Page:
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Well of course baby steps need to be taken now and not in a faraway future. But I don't believe it's possible to expect anyone to wake up the next day as a radically changed human being. At least this is an approach I'd like to use like a life coach - not expect my clients to reborn themselves in a day, but work with them through obstacles that will appear on the way, try new things and make a progress in their own timeline. I think if anyone expects themselves to do everything perfectly from the next day, they are just setting themselves for a disappointment. So on my working through some issues with self-esteem, motivation, discipline, human relations, and resilience, I'm prepared to take time to make real lasting changes. It's one thing to put on a show for a week or two, but deeper needs take a longer time to process. Not necessarily years, but for example I'm gonna say I changed my diet if I managed to stick to it for at least half a year.

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But I don't believe it's possible to expect anyone to wake up the next day as a radically changed human being.

 

Not radically changed, but minus the negative self-talk. I don't think you realize how much you do it. If you stopped it, you would naturally rise to the occasion.

 

The only change would be to gag that voice. That's one less thing to manage, not a radical change.

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Well of course baby steps need to be taken now and not in a faraway future. But I don't believe it's possible to expect anyone to wake up the next day as a radically changed human being. At least this is an approach I'd like to use like a life coach - not expect my clients to reborn themselves in a day, but work with them through obstacles that will appear on the way, try new things and make a progress in their own timeline. I think if anyone expects themselves to do everything perfectly from the next day, they are just setting themselves for a disappointment. So on my working through some issues with self-esteem, motivation, discipline, human relations, and resilience, I'm prepared to take time to make real lasting changes. It's one thing to put on a show for a week or two, but deeper needs take a longer time to process. Not necessarily years, but for example I'm gonna say I changed my diet if I managed to stick to it for at least half a year.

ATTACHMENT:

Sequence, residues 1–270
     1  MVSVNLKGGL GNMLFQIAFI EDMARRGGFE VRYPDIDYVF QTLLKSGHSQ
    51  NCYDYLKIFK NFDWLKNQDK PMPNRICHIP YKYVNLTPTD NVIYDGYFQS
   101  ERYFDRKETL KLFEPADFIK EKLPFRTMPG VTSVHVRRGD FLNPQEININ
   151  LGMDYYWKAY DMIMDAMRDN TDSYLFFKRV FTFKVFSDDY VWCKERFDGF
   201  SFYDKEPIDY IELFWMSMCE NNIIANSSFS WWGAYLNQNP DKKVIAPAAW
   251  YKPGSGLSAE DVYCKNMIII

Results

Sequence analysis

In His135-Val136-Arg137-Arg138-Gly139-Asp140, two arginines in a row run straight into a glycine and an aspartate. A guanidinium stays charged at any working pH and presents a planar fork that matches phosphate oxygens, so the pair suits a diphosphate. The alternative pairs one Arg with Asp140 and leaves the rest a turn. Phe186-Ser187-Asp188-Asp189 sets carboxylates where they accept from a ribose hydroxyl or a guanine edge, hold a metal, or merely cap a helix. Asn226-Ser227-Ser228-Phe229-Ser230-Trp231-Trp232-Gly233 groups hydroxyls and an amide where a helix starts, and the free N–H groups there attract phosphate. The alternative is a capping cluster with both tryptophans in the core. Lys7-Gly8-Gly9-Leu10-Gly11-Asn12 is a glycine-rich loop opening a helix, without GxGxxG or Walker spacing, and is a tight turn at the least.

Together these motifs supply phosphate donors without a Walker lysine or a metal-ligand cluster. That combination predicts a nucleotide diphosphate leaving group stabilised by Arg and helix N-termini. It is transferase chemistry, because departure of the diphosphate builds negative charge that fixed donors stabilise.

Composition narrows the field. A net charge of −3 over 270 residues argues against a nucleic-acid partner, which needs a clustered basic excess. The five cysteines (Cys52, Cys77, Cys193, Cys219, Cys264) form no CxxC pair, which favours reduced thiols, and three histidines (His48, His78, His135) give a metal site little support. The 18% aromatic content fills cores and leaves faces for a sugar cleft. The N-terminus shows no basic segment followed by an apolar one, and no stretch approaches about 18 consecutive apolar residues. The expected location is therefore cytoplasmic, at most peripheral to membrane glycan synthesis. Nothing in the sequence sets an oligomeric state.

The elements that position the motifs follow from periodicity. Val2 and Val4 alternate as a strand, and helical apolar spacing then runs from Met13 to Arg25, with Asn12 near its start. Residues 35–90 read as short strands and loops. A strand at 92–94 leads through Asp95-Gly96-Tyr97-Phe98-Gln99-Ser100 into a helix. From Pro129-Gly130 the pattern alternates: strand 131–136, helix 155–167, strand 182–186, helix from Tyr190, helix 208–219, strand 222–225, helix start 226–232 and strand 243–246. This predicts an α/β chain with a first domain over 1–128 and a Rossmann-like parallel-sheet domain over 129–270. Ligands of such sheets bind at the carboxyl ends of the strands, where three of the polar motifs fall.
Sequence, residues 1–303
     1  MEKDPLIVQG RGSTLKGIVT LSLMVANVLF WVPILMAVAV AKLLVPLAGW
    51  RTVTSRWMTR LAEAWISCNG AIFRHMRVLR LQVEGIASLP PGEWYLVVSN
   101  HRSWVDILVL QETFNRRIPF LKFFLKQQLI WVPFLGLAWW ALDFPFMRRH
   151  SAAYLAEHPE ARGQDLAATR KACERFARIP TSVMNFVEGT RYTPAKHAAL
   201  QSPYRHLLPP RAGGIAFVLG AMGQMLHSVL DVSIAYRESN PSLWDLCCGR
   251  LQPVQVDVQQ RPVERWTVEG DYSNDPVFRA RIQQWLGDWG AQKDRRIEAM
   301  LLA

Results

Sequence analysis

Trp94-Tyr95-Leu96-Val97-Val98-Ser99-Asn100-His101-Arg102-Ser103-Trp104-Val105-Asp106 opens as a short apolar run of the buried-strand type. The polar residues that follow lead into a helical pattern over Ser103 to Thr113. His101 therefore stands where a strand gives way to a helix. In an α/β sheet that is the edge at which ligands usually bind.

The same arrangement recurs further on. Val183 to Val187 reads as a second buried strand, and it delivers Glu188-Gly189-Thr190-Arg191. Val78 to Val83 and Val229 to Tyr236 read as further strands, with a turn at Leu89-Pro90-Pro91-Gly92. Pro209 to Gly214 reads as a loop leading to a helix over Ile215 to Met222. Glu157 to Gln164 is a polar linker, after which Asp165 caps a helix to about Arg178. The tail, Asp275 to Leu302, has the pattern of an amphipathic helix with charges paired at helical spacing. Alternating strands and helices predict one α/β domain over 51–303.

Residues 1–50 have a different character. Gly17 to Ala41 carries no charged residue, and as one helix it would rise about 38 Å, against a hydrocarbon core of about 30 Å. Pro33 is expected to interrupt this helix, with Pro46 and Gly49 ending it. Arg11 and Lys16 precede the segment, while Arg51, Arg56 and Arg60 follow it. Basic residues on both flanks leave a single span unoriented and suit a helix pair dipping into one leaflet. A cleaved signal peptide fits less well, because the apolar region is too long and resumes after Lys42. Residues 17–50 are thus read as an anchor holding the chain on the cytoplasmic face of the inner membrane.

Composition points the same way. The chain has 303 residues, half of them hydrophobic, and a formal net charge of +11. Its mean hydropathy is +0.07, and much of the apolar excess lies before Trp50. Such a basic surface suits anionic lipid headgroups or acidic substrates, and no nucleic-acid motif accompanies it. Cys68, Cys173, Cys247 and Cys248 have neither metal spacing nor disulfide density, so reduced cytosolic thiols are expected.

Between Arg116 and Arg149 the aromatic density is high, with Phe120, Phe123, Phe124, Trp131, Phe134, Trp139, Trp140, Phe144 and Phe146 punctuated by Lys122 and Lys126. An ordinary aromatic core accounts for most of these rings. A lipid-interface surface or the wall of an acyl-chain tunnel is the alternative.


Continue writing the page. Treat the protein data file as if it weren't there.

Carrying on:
Now it's clear that you want to stay in your negative comfort zone because of the way you're exaggerating the input you've been given. Your way is the easier way. Not ultimately the happy way. If you actually need to re-read the input do so but only if you're ready to read it without the exaggeration/dramatization.

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Now it's clear that you want to stay in your negative comfort zone because of the way you're exaggerating the input you've been given. Your way is the easier way. Not ultimately the happy way. If you actually need to re-read the input do so but only if you're ready to read it without the exaggeration/dramatization.

 

Batya, how am I staying in a negative comfort zone? I wrote a just found a job today. If this doesn't qualify as a step forward, what does?

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Batya, how am I staying in a negative comfort zone? I wrote a just found a job today. If this doesn't qualify as a step forward, what does?

 

That fast? Well done!

 

Changes come only from actions. Through actions you change your outlook on life-and it takes time unfortunately! Good job finding a job

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That fast? Well done!

 

Changes come only from actions. Through actions you change your outlook on life-and it takes time unfortunately! Good job finding a job

 

Thanks I do feel much better and hopeful today.

 

I didn't do much for a job search. Talk about efficiency! Last week I entered my favourite ice skating rink fanpage to read when they are opened this season, and I noticed that 5 hours before they posted a job ad, so I thought "hey! I need to get this job!". So I spent the next few hours designing a creative CV with ice theme (snowflakes instead of bullet points) and the funny photo of me in winter hat in a snowy area. I took that photo that morning, in a park that's actually my job location lol. I sent out the CV with the letter that I love winter and ice skating and people and that they have to hire me I was hyped about the job, though it's temporary, but I didn't want to expect too much before the interview that was today. The interview was actually a welcome talk to the team. During the talk, I saw the note on my boss' notepad at it said "11 AM - Fire Lily - loves winter"